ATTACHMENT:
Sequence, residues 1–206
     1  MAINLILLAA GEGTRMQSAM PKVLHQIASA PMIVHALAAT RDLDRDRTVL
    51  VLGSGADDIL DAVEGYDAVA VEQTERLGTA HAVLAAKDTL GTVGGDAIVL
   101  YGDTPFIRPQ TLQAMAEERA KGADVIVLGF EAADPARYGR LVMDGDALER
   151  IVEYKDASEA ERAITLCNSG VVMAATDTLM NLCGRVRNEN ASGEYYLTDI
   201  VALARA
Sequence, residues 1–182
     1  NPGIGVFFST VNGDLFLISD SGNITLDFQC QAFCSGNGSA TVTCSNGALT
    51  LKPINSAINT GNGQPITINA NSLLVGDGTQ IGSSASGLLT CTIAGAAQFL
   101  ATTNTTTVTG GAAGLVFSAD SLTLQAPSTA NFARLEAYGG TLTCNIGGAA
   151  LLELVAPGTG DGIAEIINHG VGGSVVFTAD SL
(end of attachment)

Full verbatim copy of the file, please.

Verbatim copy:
Sequence, residues 1–206
     1  MAINLILLAA GEGTRMQSAM PKVLHQIASA PMIVHALAAT RDLDRDRTVL
    51  VLGSGADDIL DAVEGYDAVA VEQTERLGTA HAVLAAKDTL GTVGGDAIVL
   101  YGDTPFIRPQ TLQAMAEERA KGADVIVLGF EAADPARYGR LVMDGDALER
   151  IVEYKDASEA ERAITLCNSG VVMAATDTLM NLCGRVRNEN ASGEYYLTDI
   201  VALARA
Sequence, residues 1–182
     1  NPGIGVFFST VNGDLFLISD SGNITLDFQC QAFCSGNGSA TVTCSNGALT
    51  LKPINSAINT GNGQPITINA NSLLVGDGTQ IGSSASGLLT CTIAGAAQFL
   101  ATTNTTTVTG GAAGLVFSAD SLTLQAPSTA NFARLEAYGG TLTCNIGGAA
   151  LLELVAPGTG DGIAEIINHG VGGSVVFTAD SL